The problem with great ideas is that, well, at least initially, conventional wisdom never sees them as great ideas. For example, it’s likely that mainstream investors would’ve told Larry Page and Sergey Brin: “We’ve already got Yahoo, Magellan, Lycos, and AltaVista; why do we need ANOTHER search engine?” Additionally, in 2002, you could potentially see institutional investors wondering why Elon Musk would start an electric car company when the competition (Ford, Toyota, GM, etc.) would most likely crush him. Unfortunately, in these cases and many others, conventional investment can lack the ability to see a great investment for what it is; however, there are individuals who can, and these angel investors are today’s word.
Without getting into the intricacies and variations, an angel investor is, quite simply, someone with money who wants to invest in a company for a percentage of the company’s ownership. Though angel investors can take the form of family and friends, wealthy individuals, groups, or even crowdfunding, they, by believing in the business idea instead of strictly the ability to maximize profit, provide much-needed capital for business ventures during the start-up phase, when it is often difficult for businesses to obtain funding from more conventional sources, like banks or investment companies.
In usage, the term angel investor, is first seen in the headline of the December 13, 1958 edition of Simpsons’ Daily Leader-Times (Kittanning, PA): “Wealthy Texan enters showbusiness as angel investor.” Indeed, our usage of the term does stem from show business, specifically Broadway, where the funding of an “angel” (i.e. a wealthy individual) could keep a theatrical production afloat, as shown in the May 31, 1885 edition of the Sunday Mercury (New York) describing how: “Actors and authors tempt their ‘angels’ with new plays which are sure to make all concerned Goulds and Vanderbilts.”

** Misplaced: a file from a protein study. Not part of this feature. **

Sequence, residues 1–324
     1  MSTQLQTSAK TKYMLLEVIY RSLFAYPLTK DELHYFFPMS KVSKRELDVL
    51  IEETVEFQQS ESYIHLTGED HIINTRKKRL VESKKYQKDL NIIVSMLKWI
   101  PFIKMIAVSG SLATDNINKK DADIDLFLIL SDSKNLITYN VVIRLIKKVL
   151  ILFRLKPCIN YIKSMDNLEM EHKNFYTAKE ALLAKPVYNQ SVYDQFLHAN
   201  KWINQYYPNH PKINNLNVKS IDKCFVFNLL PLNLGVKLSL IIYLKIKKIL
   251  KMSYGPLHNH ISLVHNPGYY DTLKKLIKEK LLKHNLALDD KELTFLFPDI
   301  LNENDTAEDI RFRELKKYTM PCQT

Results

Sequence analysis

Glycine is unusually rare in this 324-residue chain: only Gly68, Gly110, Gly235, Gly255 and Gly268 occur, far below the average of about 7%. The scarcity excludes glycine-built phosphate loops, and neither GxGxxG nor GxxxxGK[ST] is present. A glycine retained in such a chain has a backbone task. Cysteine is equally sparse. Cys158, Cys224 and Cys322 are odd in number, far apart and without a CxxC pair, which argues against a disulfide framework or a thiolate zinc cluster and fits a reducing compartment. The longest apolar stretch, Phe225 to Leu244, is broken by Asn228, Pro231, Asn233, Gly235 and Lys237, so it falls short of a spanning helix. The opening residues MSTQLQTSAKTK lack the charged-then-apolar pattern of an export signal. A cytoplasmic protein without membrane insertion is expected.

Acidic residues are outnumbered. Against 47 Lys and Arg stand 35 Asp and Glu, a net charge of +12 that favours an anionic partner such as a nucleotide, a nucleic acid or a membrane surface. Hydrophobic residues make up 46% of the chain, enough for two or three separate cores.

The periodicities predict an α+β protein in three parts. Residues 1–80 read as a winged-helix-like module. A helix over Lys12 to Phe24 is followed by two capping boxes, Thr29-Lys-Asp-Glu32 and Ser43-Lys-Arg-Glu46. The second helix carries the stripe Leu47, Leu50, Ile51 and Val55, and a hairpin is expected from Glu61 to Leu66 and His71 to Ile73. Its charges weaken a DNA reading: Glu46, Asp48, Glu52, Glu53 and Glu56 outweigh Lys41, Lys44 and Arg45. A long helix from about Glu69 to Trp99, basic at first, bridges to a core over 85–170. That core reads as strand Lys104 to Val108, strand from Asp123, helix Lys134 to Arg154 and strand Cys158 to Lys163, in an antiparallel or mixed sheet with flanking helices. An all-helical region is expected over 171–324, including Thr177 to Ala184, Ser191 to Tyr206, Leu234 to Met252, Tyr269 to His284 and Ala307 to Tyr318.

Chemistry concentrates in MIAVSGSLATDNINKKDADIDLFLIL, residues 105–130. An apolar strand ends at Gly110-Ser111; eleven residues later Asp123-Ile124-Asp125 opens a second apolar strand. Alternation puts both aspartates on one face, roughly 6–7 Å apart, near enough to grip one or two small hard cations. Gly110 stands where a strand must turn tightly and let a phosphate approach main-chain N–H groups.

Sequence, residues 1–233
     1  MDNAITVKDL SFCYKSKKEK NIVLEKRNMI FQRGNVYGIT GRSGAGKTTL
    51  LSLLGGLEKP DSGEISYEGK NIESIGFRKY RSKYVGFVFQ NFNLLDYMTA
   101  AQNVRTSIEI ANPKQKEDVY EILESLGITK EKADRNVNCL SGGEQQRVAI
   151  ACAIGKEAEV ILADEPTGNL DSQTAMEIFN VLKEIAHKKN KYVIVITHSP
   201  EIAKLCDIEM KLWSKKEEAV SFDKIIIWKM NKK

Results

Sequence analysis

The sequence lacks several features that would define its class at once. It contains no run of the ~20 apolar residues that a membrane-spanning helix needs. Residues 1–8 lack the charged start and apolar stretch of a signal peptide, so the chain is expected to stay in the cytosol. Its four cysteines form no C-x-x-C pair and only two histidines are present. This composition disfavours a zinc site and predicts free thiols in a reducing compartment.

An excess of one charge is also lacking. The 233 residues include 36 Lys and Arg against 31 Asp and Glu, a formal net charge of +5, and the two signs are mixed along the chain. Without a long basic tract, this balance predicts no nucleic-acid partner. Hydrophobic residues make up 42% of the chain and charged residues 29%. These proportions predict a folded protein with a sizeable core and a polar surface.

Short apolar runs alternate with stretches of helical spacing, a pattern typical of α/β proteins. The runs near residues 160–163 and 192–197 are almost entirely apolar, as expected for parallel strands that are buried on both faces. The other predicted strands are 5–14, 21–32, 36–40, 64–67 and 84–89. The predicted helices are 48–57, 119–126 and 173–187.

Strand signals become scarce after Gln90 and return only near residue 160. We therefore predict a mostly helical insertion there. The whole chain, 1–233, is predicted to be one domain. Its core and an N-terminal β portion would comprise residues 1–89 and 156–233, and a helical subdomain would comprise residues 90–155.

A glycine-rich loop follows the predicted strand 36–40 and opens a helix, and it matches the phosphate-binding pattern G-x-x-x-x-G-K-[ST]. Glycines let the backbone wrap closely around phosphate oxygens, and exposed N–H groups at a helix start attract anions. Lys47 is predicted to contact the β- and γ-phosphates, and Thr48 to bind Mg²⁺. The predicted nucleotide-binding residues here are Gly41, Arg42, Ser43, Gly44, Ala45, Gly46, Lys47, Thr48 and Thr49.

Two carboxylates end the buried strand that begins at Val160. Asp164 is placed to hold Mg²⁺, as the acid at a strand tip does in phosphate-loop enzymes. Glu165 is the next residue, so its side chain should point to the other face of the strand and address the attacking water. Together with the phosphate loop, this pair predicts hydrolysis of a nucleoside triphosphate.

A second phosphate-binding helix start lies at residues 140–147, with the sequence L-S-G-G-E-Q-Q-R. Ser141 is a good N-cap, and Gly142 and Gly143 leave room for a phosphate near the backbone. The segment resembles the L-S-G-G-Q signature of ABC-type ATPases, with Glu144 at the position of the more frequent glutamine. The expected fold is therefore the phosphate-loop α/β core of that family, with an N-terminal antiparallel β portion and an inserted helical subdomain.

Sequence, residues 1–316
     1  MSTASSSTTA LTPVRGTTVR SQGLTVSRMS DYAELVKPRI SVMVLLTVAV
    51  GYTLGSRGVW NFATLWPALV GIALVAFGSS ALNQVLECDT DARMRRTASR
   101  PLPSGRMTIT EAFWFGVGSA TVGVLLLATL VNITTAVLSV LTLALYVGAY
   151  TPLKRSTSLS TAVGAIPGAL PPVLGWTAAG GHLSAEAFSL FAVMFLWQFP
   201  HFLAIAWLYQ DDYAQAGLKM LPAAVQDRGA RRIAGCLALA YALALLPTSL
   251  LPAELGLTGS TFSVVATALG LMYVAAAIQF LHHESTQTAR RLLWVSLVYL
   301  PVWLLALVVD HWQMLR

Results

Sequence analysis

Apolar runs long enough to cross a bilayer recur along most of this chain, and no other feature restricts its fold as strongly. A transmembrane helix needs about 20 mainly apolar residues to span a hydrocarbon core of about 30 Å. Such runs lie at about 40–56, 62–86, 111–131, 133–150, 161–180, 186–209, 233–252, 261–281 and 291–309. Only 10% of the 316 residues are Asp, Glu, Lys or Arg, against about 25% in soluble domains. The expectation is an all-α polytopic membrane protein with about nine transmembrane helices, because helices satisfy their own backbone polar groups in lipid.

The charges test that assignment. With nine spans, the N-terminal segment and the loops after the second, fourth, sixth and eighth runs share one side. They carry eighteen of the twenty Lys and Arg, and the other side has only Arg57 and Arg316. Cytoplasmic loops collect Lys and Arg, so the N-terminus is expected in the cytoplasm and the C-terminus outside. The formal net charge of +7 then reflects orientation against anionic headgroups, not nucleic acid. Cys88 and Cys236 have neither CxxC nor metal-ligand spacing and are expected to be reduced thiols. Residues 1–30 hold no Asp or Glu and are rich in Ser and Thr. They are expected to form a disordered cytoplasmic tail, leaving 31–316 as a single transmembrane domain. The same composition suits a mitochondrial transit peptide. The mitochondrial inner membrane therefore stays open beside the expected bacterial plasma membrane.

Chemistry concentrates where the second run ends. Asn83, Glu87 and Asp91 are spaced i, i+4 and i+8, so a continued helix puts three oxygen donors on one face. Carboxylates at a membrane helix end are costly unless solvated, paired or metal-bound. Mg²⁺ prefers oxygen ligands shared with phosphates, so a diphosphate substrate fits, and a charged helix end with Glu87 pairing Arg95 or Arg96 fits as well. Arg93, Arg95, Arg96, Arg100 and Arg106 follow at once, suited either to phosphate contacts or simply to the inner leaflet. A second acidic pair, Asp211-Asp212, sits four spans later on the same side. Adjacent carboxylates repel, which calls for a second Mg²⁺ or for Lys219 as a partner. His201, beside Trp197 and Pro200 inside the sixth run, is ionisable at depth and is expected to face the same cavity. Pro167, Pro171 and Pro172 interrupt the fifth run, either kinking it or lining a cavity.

Breaking the term down further, the idea of an angel – deriving from the Greek angelos, meaning ‘one that announces’ – being someone who provides aid to another comes from Shakespeare’s Henry IV, Part I (1598), where Prince Henry states: “O, my sweet beef, I must still be good angel to thee: the money is paid back again.” Being the agent noun of the verb invest, an investor, from the Latin investire, meaning ‘to clothe in, cover, or surround’, in the sense of a person who financially invests in a business or undertaking first appears in Morgan Cove’s 1795 An Essay on the Revenues of the Church of England, where he interestingly comments: “The whole of the gross returns or profits does not centre in the pocket of the investor.”
Though angel investors provide a necessary lifeline to struggling start-up businesses, there’s more to it than just believing in a good business idea. Even though they’re not as predatory and profit-driven as other capital sources, angel investors still want a return on their investment (typically 25% or more). Beyond monetary returns, attempting to exercise an ownership stake in what is, essentially, somebody else’s company can lead to a clash of authority, detracting from the business’ goals. Finally, for professional angel investors, actual “angel investment” typically doesn’t exceed 10% of their portfolio, so, needless to say, there’s always a certain degree of competition for a scarce amount of funding.
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